Ovulation happens when the mature egg is ejected from the ovary. The time of the menstrual cycle and ovulation is one of the most important things a woman should understand about her body since it is the determining factor in getting pregnant and preventing pregnancy.
The process can be confusing and somewhat overwhelming when trying to understand. If you still have further questions regarding ovulation, it may be helpful to talk with your health care provider. Being informed on what your body does, can help you feel more in charge of your health.
What Happens During Ovulation and the Menstrual Cycle?
So, what is actually happening inside your body each month? It’s all about hormones. And more importantly, it's all about the big O: ovulation.
A menstrual cycle is the time period between your first day of your menstrual period, the time you bleed, until the next time of your menstrual period.
The changes associated with ovulation and menstrual cycle are brought on by fluctuations in hormones at different times of the month. Most menstrual cycles are 28-29 days long - a variation of a few days more or less can be quite normal and small variations from cycle to cycle are also normal.
Cycle Day 1 (CD1) of the menstrual bleeding is referred to as Day 1 of the menstrual cycle. The length of the cycle is measured from Day 1 of one cycle (bleed) to Day 1 of the next cycle (bleed).
Your menstrual cycle length and the day of ovulation are directly related. Your menstrual period begins about 14 days after you ovulate. If ovulation occurs on approximately day 14 of a woman’s cycle then your next period starts about 14 days later and the cycle length is 28 days.
Ovulation happens when a mature egg is released from the ovary. It is then picked up by the fallopian tube and is available to be fertilized. The lining of the uterus has thickened to prepare for a fertilized egg. If no conception occurs, the uterine lining as well as blood will be shed. The shedding of an unfertilized egg and the uterine wall is the time of menstruation. The menstrual cycle can be divided into the following parts:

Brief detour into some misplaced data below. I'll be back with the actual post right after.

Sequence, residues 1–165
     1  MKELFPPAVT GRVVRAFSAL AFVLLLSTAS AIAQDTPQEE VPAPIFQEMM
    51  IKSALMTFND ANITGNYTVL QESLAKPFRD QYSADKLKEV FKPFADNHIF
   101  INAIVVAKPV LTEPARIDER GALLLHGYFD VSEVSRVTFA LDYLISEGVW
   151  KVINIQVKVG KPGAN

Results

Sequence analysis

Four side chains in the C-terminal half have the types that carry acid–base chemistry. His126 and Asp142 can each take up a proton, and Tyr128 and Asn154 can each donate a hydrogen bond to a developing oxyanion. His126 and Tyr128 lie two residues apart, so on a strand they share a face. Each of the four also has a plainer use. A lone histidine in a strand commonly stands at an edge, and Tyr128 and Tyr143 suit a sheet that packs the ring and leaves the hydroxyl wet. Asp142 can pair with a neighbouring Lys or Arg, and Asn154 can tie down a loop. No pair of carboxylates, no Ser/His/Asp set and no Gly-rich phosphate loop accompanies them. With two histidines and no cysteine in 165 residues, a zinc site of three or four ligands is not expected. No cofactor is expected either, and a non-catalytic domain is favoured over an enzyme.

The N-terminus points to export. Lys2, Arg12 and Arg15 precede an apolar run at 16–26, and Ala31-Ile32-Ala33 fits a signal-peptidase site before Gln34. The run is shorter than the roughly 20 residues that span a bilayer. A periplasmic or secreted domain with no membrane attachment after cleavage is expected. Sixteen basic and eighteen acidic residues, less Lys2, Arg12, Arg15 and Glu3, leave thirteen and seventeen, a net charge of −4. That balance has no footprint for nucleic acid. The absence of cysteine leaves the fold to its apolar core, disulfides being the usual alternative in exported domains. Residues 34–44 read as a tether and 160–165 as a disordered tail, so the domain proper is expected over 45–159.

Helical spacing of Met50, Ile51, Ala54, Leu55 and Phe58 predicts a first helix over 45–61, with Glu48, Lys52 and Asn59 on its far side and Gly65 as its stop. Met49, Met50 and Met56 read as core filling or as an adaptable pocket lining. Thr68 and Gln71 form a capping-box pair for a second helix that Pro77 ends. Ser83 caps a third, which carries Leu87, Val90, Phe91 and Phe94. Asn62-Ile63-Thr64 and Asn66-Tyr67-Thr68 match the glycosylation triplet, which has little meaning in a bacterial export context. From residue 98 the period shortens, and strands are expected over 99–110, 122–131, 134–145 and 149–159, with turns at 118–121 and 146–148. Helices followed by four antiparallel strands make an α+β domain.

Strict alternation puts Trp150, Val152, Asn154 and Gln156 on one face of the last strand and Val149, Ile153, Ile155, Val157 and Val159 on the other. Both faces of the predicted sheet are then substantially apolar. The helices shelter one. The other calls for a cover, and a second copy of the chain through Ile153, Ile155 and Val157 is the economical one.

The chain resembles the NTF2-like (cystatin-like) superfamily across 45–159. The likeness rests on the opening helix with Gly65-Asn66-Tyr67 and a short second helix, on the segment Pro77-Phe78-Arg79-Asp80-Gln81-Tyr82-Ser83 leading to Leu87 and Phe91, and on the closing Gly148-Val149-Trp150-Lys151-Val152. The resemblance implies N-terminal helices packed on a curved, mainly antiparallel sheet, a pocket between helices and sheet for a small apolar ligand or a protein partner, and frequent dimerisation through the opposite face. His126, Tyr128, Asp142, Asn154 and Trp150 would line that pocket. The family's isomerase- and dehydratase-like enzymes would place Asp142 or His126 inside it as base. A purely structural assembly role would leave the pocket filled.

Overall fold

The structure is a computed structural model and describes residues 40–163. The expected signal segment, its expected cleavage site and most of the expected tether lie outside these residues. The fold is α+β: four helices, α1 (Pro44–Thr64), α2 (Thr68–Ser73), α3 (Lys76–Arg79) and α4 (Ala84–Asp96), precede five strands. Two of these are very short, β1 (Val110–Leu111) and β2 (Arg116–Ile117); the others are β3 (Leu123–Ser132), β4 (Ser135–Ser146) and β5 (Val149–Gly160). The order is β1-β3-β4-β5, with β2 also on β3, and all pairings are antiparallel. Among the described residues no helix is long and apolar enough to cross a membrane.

The ovarian cycle involves changes in the ovaries, and can be further divided into two phases:
Cervical mucus changes according to ovulation and your menstrual cycle.
The old thought that stress can affect your period is only partly true. Stress can affect your ovulation which ultimately determines when your period will come, but stress around the time of an expected period will not make it late—it was already determined when it would come 12-16 days earlier!
Important Facts to Know About Ovulation and Your Menstrual Cycle:
The uterine cycle involves changes in the uterus. It occurs in tandem with the ovarian cycle, and is divided into two phases:
A woman's monthly cycle is measured from the first day of her menstrual period until the first day of her next period. On average, a woman's cycle normally is between 28-32 days, but some women may have much shorter cycles or much longer ones. The cycle length depends all on when you ovulate. Ovulation can occur at various times during a cycle, and may occur on a different day each month.
Ovulation can be calculated by starting with the day the last menstrual period (LMP) starts or by calculating 12-16 days from the next expected period. Most women ovulate anywhere between Day 11 - Day 21 of their cycle, counting from the first day of the LMP.
The "fertile time" of a woman's cycle, is the time when sexual intercourse can get you pregnant, it's also called the "fertile window". The fertile window about 5-6 days long and it includes the day of ovulation and the 4-5 days prior to that day.
Tracking ovulation and the menstrual cycle can help a woman get a better idea of when pregnancy can and can not occur during her monthly cycle. Fertility Awareness is one way to track when ovulation occurs and it includes studying the changes in cervical mucus and using a basal thermometer. Cervical fluid will change to a wet, slippery substance that resembles "egg whites" just before ovulation occurs and until ovulation is over. A thermometer helps track a body temperature rise, which signals that ovulation has just occurred. Another way to track ovulation is through ovulation kits and fertility monitors. Once ovulation has occurred, there is nothing you can do to increase your chances of pregnancy. Your next step is to begin watching for early pregnancy symptoms.